“In the elder days of Art, Builders wrought with greatest care, Each minute and unseen part; For the gods see everywhere.” ~ Henry Wadsworth Longfellow
“Why am I down here on the floor, Mark?”
Because it was you who taught me that everything on a piece of furniture matters. You were the one who had me sand the bottoms of drawers and table tops to perfection, who always said that the back of a piece has to be just as good as the front, who always made me lift things to move them across the shop so that the bottoms of the feet would not be scratched.
“Because I want you to see that joint, Michael. The one at the very bottom, the one that’s angled in such a way that nobody will ever see it unless they are lying on the floor on their back, looking up, with a flashlight. Like you are now.”
You are the reason I spent two solid days of work getting the curved shoulders on that mortise and tenon joint to fit just right. The shoulders that nobody else will ever see. And now you will see that they are absolutely perfect.
“Oh yes OK. Wow, nice work!”
The six years I spent apprenticing under you are the reason my furniture is as good as it is now. And after all these years away from you, I can still hear your voice saying ‘It’s not quite right yet, keep working on it.’ It is the greatest gift you gave me. And the greatest curse.
It was the part of woodworking I had to learn. I am not, by nature, a perfectionist. As a trained minister I don’t expect flawlessness in things or in people. I was taught, and I have taught others, that perfection is impossible this side of heaven. It doesn’t bother me that the bottom of my grandparent’s old desk, the one at which I’m now sitting to write, is not perfectly finished, or that the painting on the wall next to me is listing slightly to the left. I can live with these things.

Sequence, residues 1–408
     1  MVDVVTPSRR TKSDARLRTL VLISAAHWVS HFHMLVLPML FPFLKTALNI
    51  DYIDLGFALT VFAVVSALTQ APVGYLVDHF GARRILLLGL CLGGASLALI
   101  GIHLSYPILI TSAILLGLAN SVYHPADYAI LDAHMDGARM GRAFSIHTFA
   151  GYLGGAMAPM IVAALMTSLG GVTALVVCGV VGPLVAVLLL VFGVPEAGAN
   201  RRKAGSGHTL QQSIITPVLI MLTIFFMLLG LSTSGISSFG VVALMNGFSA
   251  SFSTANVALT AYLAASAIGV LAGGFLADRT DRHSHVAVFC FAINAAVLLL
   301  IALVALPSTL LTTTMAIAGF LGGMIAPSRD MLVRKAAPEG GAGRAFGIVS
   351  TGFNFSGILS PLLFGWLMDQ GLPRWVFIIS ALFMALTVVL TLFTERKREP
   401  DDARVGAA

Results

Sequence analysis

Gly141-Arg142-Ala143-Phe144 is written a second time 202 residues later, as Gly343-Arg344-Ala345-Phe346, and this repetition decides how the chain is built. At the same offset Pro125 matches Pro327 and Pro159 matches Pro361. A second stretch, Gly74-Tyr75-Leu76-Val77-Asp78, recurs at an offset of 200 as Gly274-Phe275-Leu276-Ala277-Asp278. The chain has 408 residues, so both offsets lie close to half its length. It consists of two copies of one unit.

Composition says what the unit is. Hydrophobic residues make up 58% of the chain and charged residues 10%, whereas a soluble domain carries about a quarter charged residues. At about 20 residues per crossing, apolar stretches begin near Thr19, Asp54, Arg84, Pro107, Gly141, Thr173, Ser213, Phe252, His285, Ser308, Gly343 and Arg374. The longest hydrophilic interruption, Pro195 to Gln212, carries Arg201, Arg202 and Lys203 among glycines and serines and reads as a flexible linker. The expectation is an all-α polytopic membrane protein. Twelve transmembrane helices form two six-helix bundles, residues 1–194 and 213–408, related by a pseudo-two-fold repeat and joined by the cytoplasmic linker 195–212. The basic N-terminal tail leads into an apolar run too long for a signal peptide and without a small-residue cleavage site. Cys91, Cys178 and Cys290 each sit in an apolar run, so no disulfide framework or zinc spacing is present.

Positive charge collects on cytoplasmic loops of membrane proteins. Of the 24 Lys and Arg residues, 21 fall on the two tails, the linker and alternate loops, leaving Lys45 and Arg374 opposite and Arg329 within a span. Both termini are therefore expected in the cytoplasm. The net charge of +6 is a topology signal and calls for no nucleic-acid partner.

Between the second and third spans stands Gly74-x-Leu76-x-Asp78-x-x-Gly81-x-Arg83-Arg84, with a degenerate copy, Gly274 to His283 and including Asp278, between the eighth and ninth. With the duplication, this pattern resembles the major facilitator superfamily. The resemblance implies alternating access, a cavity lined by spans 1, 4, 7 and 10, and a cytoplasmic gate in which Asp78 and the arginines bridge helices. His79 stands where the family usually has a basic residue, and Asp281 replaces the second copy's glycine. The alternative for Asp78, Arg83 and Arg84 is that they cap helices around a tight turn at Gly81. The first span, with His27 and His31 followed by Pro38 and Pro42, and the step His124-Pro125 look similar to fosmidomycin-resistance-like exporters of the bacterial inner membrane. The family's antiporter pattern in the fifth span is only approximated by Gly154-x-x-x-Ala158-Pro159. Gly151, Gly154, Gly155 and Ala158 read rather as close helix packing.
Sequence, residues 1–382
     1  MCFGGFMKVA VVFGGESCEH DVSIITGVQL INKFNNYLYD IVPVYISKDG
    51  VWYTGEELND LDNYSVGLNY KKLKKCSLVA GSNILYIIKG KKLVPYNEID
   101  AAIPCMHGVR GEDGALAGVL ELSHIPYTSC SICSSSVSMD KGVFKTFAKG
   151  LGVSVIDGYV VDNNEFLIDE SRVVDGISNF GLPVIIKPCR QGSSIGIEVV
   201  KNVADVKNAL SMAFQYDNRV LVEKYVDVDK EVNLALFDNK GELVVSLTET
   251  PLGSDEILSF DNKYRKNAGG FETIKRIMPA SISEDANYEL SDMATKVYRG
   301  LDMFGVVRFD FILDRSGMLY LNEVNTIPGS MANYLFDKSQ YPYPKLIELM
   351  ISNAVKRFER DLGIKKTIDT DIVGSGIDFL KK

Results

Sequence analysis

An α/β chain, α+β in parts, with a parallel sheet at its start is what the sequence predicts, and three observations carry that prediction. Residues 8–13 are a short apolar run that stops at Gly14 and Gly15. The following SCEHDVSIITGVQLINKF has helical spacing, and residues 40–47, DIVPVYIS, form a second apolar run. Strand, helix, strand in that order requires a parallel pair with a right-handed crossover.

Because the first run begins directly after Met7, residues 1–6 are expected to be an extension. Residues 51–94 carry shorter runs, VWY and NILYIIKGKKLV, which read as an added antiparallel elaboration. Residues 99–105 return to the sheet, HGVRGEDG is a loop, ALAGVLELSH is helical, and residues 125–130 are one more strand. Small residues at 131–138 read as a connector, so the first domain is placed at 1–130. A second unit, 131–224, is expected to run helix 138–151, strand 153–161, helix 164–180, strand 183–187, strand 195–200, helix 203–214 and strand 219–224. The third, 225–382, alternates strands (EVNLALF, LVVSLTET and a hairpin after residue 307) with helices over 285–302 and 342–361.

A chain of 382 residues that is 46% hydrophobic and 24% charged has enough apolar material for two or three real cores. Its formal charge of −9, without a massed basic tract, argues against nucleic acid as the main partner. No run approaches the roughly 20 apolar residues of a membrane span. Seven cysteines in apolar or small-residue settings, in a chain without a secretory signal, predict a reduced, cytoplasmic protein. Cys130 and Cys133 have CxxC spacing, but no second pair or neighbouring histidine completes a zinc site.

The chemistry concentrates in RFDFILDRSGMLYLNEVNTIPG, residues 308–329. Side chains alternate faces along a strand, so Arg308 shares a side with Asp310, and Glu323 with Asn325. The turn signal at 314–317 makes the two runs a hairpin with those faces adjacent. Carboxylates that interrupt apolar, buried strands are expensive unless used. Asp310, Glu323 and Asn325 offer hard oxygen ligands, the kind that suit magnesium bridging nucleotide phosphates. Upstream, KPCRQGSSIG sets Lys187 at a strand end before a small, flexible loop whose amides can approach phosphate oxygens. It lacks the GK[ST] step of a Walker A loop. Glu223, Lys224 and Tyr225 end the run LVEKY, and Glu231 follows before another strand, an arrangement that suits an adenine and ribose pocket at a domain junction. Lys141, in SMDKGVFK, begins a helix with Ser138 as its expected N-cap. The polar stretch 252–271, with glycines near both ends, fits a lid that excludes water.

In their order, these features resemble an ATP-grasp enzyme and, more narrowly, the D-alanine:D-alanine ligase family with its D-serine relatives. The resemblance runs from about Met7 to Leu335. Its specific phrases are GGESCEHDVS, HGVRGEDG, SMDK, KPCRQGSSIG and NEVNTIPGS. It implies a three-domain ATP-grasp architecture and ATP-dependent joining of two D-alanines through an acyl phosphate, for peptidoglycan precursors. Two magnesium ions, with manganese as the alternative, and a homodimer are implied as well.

When I started working wood 16 years ago it was the idea of imagining and crafting something of my own that pulled me in. It was the draw of the wood, the honesty and integrity of the work, that made me want to do this. It was not, it was never, the drive toward perfection.
Perhaps this is why, according to Someone’s great plan for me, I landed an apprenticeship with a perfectionist. (My dad always said that God never gets enough credit for his rich sense of humor.) Fresh out of seminary, greener than a fresh piece of poplar, I found myself one morning with a piece of 400 grit sandpaper in one hand thinking, “Did I hear him right? He wants me to sand thebottoms of the table’s feet?” In the weeks to come I became more vocal with this type of question. But then as weeks added up to months, I stopped asking them. Because the answer was always, Yes. Always.
What I came to realize, quietly and painfully, was that the question of whether the client would ever actuallysee a cut corner was irrelevant, not even worth the breath to ask. It didn’t matter at all that the customer would never notice how perfectly finished the bottom was. Because we weren’t making this furniture for the client, we were making it for…whom? That was always the question, the question I eventually learned to keep to myself.
The closest I ever got to an answer was the time I pleaded, “But if I cut this corner we will save time, and honestly, who will know?” His reply, “You will know.”
And that is the answer. I will know. I will know that I didn’t make it as good as I could have made it. I will know that I gave up a career to pursue woodworking because it is honest and true, and yet even I have begun hiding things in my work. I will know that the image of the lone craftsman working carefully in his small shop to rescue this gasping art from the churning metal claws of cheap and quick industrialization has become nothing more than a romantic lie, a marketing gimmick, a retouched photo.
And if I know this, and if I begin to accept these things, how long will it be before the compromises crawl like vines from the bottom, around the sides, and up to the top?